On a recent Friday morning, Jim Gilliam stepped into a glass conference room overlooking Pershing Square in downtown Los Angeles and set his things down on the reclaimed-wood table. Dressed in a faded t-shirt and green hoodie, Gilliam doesn’t look like the head of a political consulting firm, which he insists he isn’t.
“We are not a consulting company,” he says. “We’re software.”
The day before, Gilliam had driven back from Mountain View to Los Angeles—flying is too hard on his respiratory system—after giving a talk at Google Ventures, the software company’s venture capital arm. The Kevin Rose-hosted forum previously featured other software entrepreneurs like Twitter founder Jack Dorsey and Kevin Systrom (the creator of Instagram).
Gilliam, whose company counts politicians and consultants among its clients, was now in their league, invited to tell the story of how he came to found NationBuilder, an online organizing services provider. The audience, used to hearing about tech world start-ups, was told something novel: there’s opportunity in politics.
“The reality is that Silicon Valley thinks politics is kind of silly,” Gilliam says. “I think that’s why it’s been ignored for so long. It’s just been looked at as a small market and it’s just not that interesting.”
But Silicon Valley is now starting to come around, and the result is an emerging culture clash with the average Washington-based political consultant—even the younger, tech-savvy version. Venture capital firms smell a profit in political technology and are betting millions on the future of the industry. Their entry into political niches such as voter file analysis and voter data delivery markets raises new questions about the future of partisan technology, which for years has been the way many in Washington prefer to treat their tech infrastructure and data—select companies operate with the blessing of their parties. Silicon Valley has a different way of doing business; it savors openness.
“Because the voter data has been so controlled and used for partisan purposes, an ecosystem has not been allowed to develop around that data,” says Gilliam. “We are just getting started with enabling that kind of an economy system.”
It’s an ecosystem that’s starting to resemble a jungle. Technology used to be an afterthought in campaigns, which for the second half of the 20th century were built on voter contact through TV and radio advertising and direct mail. It wasn’t until the 21st century that political data firms became integral to campaigns. Political tech’s new prominence has attracted big personalities—Business Insider recently published a list of the “50 Hottest People in Online Politics,” and tech consultants are in demand. Mix that with a political consulting world where competition is increasingly fierce and personalities will clash.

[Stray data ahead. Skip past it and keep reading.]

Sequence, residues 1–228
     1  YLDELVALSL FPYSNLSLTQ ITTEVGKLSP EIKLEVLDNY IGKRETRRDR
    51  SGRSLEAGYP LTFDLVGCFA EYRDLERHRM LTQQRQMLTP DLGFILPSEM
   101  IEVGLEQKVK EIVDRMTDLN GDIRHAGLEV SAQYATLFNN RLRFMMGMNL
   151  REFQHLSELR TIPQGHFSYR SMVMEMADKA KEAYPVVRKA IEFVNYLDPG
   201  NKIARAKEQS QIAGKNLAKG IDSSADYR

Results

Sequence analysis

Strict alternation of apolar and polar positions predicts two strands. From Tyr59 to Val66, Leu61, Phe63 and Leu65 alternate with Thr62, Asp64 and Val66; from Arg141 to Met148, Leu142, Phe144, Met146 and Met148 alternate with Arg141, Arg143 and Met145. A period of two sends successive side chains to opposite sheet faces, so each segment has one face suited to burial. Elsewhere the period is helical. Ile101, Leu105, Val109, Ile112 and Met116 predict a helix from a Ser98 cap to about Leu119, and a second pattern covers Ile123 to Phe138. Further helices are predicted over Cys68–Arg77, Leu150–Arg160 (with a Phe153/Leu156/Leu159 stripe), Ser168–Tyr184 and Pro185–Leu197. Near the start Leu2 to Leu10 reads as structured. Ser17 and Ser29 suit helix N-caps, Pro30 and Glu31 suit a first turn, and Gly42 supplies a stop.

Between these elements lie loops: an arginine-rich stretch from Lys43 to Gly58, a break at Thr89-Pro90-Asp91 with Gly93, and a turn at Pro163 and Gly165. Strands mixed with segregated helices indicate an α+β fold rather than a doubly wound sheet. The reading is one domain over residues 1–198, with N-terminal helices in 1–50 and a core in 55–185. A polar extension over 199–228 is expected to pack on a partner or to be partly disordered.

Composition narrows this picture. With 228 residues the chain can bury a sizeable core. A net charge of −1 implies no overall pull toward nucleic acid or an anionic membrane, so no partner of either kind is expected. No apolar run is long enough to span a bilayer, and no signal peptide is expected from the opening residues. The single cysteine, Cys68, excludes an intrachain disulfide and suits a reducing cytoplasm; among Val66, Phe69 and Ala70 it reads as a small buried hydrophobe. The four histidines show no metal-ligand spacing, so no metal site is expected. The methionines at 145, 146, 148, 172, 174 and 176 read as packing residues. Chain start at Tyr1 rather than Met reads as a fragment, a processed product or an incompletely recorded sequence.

In many ways, online politics is the Wild West, and the tech consultants whose voices are the loudest aren’t always the ones with the bulk of the campaign work—a frequent complaint from tech consultants, particularly on the right. But in the political technology world, the reality is that big personalities have been clashing for years. Take the bitter legal battle between John Phillips of Aristotle and Nathaniel Pearlman of NGP VAN. It officially ended in 2011, but people familiar with both companies say the animosity persists. As two of the leading firms in the political technology universe, the personality clash enters into the equation as much as the clash over potential business.
In other parts of the political tech world, the partisan versus nonpartisan conflict is dominant. For partisan vendors, Salsa Labs has become a cautionary tale in the potential danger of taking venture capital money. Edison Ventures invested $5 million in Salsa, which had carved out a reputation as a software provider to progressive campaigns and causes. The company’s new board of directors later voted to oust CEO Chris Lundberg. It also led to Salsa co-founder April Pedersen leaving her board position in the company.
In the wake of the move, Pedersen penned an email to Salsa staff lamenting the company’s decision to accept venture capital and openly wondering whether it was only a matter of time before Salsa began accepting “right-wing” candidates or groups as clients. Salsa pledges it won’t, but it’s symbolic of the culture clash between Silicon Valley and Washington advocates.
Gilliam and NationBuilder have had their own clashes with partisan technology providers. Gilliam’s gripe with NGP VAN went public last summer after he sent an email accusing NGP VAN of harassing his customers. Gilliam wrote, “NGP VAN is both lying to and bullying some of the Democratic candidates using NationBuilder … This is appalling, and we want to make sure our customers know the truth.” In response, NGP VAN CEO Stu Trevelyan said Gilliam was doing nothing more than trying to manufacture a fight with his company “possibly as a means of marketing NationBuilder.”
The political consulting world’s reaction to Gilliam’s gripe, at least according to former Salsa CEO Chris Lundberg— nothing more than “rookie politics.”
“Everyone in the political world laughed,” Lundberg says. “So you guys are scared of lies? You think the sharks live in Silicon Valley? No, no. The sharks are in politics.”
Political technology is still so new that some consultants can’t even agree on how it fits into the future of campaigns. Stuart Stevens, the former top strategist for Mitt Romney, wrote an essay recently arguing for more investment in campaign technology, while at the same time disputing its supremacy.